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Патент USA US3086866

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Apnl 23, 1963
K. SIEBERTZ
METHOD AND DEVICE FOR THE SUCCESSIVE ZONE
MELTING AND RESOLIDIFYING OF
3,086,856
EXTREMELY PURE SUBSTANCES
Filed Feb. 10, 1954
FIG.4
FIG.?I
105?� .
23
FIG.3
United States Patent 0 ice
1
'
3,086,856
METHQD AND DE?VlCE FGR THE SUCCESSKVE
ZONE MEL'HNG AND RESULIDIFYING 0F EX
TREMELY PURE SUBSTANQES
Karl Siebertz, Munich, Germany, assignor to Siemens &
li-lals?ke Aktiengesellschaft, Berlin and Munich, Ger
many, a German corporation
Filed Feb. 10, 1954, Ser. No. 469,420
Qlaims priority, application Germany Feb. 14, 1953
6 (Ilaims. (Cl. 75-10)
3,�,856
Patented Apr. 23, 19,63
2
the place of the melting zone, produces potential surfaces
of a corresponding shape, for instance saddle shape, to ?
magnetically support the material, the material being
electrically conductive at least when in its molten con
dition. The same effect can be obtained by the coaction
of correspondingly arranged streams of gas. The gas to
be used for this purpose is the same protective or inert
gas that forms the atmosphere within which the entire
zone-melting operation is to be performed.
The foregoing and other features of the invention will
10 be more fully understood from the following description
-It is known to liberate last traces of impurities from
of the embodiments of devices according to the invention
generally pure materials by successively melting a zone
illustrated on the drawing, in which
FIG. 1 illustrates an arrangement for heat-treating a
of an elongated body or rod of the material in such a
vertically held elongated body of material according to
manner that the molten zone travels gradually from one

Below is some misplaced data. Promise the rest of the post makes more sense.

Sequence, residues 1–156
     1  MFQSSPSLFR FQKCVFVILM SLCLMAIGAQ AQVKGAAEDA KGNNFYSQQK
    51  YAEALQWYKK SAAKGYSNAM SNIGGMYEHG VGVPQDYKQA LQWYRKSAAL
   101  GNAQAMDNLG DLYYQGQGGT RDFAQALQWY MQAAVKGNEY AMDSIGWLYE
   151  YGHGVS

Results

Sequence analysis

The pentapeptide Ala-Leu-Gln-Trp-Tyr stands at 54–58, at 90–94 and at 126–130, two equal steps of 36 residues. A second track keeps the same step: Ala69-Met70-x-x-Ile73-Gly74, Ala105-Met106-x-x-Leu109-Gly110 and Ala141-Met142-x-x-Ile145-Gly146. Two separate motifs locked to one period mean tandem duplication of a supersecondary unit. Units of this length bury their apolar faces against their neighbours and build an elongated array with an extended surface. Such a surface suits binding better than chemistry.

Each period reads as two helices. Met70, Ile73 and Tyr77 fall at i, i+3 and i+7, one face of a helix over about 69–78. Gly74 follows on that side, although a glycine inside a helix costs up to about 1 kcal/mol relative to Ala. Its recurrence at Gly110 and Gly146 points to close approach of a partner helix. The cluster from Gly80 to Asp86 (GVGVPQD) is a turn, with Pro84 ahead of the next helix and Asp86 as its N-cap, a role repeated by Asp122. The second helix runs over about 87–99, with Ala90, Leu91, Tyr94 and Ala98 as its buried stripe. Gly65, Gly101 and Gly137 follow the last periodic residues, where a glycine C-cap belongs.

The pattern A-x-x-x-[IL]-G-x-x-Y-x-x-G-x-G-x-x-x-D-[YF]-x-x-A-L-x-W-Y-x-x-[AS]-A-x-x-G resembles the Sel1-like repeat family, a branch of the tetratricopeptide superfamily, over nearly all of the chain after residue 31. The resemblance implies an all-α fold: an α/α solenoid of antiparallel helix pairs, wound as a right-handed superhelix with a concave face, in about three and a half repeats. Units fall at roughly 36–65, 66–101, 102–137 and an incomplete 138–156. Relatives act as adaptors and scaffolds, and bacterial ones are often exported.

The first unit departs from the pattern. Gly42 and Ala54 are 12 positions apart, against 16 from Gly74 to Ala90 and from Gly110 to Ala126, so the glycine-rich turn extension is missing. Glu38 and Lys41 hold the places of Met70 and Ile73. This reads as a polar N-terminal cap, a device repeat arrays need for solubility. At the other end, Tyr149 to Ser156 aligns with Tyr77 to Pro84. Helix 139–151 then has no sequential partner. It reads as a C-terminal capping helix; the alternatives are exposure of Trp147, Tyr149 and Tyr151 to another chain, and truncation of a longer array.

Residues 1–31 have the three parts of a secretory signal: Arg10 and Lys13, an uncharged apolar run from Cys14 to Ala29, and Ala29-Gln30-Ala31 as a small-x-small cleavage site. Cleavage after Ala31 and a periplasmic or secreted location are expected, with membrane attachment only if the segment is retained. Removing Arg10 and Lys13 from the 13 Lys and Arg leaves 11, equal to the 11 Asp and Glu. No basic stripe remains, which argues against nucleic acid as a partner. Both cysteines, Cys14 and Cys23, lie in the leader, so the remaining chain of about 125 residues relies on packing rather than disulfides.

end of the body to the other. Due to the concentration 15 the invention wherein the melted zone is prevented from
jump of the dissolved impurities in the border surface
between the liquid and solid portions of the rod, the
running off by means of a plurality of inclined blowers;
FIG. 2 illustrates an alternative method of practicing
molten zone becomes enriched in impurities while a de
the invention wherein the material being treated is hori
pletion occurs in the resolidifying material, or vice versa.
zontally or slantingly disposed;
20
Due to the fact that the melting zone is gradually dis
FIG. 3 is a transverse cross-sectional view of FIG. 2
placed from one to the other end of the rod, the im
taken through the melted zone; and
FIG. 4 shows an apparatus for performing the method
purities also migrate toward one of these ends. If neces
according to the invention with an arrangement as shown
sary, the process can be repeated for obtaining maxi
mum degrees of purity. At the same time, the process
in PEG. 1.
According to FIG. 1, a rod 1, of aluminum for example,
may serve to produce a single crystal from an originally 25
to be processed is held in vertical position by clamping
amorphous or polycrystalline material, which may be
sintered or otherwise produced. This requires placing
devices 2 and 3 engaging the two ends of the rod. A
into the melting zone, at the point where it commences
?its travel along the body, a single crystal of the proper 30
orientation to serve as a crystal germ.
The zone-melting process as heretofore known requires
placing the material to be melted into a crucible or
boat of refractory material. The results of the process,
therefore, are affected by the fact that the material being 35
processed can take up new impurities from the surface
of the crucible walls.
It is an object of my invention to avoid this de?ciency
directly or indirectly heated ring 4 of small axial width
in comparison with the length of the rod 1 surrounds a
zone 5 of the rod in concentric relation thereto. The
whole device is located in a vacuum or within a pro
tective inert gaseous medium. A number of nozzles 6
are distributed around the rod below the heater 4. Their
blowing direction is such that the melting zone 5 is
impinged on all ?sides from below so that the molten
material cannot drop off. The gas supplied to the nozzle
6 is preheated by a heating device (not shown) to pre